Balance Electrolytes to Help Horses Sweat Efficiently!
The horse is one of the few mammals that, like humans, relies on skin sweating as the main method of cooling during heat or exercise. The greater muscle mass and the greater work rate of the horse, than of humans, results in much greater heat production during exercise. Also the horse has less skin surface area, proportional to weight, for cooling evaporation than humans.
The horse has evolved to be able to travel rapidly for long distances in the heat, needing only drinking water at intervals. In order for a horse to work and perform to the maximum of its ability, the carefully balanced sweating mechanism which has evolved, has to be working efficiently. If the sweating system is not working efficiently, then the horse's ability to perform at its best will be limited. If sweating problems are not corrected, then often the horse may not be able to work, or will be severely limited with instances of refusal to perform at all.
We have seen so many horses described as erratic, lazy, stubborn, stressed out, and so on, when a careful examination shows that they are simply not sweating properly. If proper sweating can be rehabilitated the horse character is changed entirely, much easier to handle and eager to work.
There is a relationship between sweat and stress. A stressed horse will sweat, in the same way as humans. Horses will produce more sweat during transportation in vehicles or aircraft, and at the start of a race or other performance. If the horse is not sweating properly, this will cause the horse real distress, resulting in abnormal behaviour. Once the sweat system is stabilised the physical component of stress is removed, so removing the cause of the distress.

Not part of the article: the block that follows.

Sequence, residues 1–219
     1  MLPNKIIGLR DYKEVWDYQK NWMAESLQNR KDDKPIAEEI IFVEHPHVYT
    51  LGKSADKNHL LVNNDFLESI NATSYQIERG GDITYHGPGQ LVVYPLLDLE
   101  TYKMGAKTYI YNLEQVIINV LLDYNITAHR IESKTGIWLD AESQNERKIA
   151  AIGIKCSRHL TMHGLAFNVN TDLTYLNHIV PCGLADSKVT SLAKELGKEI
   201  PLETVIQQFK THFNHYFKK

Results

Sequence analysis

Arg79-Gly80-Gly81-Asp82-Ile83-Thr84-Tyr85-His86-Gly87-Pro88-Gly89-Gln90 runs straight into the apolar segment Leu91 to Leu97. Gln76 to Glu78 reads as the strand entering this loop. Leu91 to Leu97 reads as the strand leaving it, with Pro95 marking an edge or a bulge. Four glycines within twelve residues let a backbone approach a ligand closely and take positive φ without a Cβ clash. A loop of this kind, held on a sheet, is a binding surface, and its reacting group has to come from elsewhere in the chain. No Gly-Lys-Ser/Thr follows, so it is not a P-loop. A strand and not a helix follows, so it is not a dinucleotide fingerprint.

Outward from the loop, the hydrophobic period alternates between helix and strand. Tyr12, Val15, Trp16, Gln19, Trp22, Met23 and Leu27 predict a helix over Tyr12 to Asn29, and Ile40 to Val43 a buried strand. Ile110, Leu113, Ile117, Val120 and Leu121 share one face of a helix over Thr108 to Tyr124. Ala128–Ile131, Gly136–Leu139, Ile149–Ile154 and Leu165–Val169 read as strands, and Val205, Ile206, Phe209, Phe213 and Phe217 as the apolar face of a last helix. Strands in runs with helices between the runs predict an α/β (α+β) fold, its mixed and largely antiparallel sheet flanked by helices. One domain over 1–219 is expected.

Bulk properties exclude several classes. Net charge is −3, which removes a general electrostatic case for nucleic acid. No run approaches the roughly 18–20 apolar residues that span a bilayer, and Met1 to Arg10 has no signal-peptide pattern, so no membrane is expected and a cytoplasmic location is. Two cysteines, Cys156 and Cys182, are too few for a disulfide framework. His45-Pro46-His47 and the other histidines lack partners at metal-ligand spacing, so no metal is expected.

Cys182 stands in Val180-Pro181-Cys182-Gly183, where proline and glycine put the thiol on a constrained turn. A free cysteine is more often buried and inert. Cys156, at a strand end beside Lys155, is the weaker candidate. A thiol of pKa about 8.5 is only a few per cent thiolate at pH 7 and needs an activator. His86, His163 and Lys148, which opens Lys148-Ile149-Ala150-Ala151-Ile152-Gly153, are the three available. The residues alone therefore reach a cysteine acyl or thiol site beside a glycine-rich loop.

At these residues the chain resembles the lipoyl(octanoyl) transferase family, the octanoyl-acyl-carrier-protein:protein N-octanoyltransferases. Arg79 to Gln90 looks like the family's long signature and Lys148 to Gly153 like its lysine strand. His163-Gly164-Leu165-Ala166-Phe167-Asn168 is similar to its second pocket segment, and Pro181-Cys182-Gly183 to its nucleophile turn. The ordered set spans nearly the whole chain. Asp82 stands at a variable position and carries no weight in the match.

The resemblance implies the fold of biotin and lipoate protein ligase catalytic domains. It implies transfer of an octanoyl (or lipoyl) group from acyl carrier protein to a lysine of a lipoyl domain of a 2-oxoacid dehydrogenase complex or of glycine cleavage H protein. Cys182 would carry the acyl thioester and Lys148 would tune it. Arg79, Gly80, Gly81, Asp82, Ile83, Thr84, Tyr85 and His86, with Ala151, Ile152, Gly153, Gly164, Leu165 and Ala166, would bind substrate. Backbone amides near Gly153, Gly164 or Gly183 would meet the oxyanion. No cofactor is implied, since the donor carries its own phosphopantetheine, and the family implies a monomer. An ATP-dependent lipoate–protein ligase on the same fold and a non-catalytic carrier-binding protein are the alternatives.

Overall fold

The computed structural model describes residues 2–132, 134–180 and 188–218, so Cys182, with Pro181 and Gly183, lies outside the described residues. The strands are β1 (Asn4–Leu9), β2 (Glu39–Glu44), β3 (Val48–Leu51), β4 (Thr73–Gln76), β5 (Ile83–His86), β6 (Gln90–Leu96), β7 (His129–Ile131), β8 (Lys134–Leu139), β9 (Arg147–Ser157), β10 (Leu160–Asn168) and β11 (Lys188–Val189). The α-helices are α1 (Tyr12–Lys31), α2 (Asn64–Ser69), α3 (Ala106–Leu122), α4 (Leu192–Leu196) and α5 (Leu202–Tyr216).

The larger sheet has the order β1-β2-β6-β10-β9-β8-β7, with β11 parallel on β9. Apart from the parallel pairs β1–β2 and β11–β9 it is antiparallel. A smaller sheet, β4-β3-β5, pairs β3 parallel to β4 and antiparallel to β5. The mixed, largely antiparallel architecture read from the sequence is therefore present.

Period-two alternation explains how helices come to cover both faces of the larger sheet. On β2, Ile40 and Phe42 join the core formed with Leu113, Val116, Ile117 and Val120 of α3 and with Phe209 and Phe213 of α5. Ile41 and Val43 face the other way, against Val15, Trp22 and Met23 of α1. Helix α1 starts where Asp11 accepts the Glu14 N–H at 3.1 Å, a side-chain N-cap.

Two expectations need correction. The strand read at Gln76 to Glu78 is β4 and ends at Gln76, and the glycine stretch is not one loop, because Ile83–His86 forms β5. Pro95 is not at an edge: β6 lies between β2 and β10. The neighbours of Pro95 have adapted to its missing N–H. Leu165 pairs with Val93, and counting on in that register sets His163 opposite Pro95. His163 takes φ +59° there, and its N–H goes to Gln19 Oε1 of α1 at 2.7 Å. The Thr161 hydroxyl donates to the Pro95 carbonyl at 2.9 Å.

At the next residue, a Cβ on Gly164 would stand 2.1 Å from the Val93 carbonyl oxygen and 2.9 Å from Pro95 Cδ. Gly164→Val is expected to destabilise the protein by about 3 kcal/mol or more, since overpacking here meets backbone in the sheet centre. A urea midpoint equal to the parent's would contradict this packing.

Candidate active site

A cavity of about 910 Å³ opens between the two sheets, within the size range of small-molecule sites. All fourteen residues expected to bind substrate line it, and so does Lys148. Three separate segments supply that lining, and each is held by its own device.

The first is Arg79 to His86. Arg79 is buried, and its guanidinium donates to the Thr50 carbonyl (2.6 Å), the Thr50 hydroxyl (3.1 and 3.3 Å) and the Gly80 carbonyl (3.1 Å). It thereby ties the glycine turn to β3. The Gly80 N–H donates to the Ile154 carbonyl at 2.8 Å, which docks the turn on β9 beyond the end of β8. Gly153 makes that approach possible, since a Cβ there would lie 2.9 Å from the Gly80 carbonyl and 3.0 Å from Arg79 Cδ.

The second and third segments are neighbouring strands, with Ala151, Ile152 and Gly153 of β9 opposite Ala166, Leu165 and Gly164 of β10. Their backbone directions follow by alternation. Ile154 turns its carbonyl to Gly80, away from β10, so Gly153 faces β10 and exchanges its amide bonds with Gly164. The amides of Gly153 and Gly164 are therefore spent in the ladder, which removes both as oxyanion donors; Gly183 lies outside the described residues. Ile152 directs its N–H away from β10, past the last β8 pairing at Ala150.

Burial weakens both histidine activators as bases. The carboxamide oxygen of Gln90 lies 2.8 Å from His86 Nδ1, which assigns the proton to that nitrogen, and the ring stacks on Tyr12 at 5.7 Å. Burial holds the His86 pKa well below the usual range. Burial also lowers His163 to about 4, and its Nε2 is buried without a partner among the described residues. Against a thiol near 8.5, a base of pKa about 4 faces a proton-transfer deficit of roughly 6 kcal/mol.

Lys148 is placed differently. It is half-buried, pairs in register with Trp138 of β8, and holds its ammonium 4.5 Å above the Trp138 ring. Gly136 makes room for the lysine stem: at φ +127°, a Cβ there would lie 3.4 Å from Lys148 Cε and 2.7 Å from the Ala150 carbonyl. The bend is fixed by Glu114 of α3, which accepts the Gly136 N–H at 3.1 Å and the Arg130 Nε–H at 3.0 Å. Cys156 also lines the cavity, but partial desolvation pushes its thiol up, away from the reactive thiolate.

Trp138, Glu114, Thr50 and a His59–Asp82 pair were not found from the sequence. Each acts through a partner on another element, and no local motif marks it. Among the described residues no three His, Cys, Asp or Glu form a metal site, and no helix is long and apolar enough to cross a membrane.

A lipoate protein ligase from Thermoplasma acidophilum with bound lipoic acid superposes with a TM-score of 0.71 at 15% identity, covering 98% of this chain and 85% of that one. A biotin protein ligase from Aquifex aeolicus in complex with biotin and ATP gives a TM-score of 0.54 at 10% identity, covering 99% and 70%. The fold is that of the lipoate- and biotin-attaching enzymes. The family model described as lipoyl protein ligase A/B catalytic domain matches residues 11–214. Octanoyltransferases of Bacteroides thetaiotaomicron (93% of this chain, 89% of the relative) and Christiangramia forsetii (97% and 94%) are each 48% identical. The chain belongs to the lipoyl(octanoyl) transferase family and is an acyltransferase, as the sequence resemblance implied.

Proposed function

Sweating, which is often ignored, is extremely important for the horse's ability to compete and perform and also for the horse's health and welfare.
How do we know whether the horse is sweating properly? The sweat glands operate in two distinct ways. The first is called insensible perspiration. Insensible perspiration continues at all times, day and night. This low level perspiration keeps the skin moist and is well known as the sign of a healthy horse. The perspiration contains protective anti-microbial peptides, which are necessary to prevent any infective microbes from entering the skin.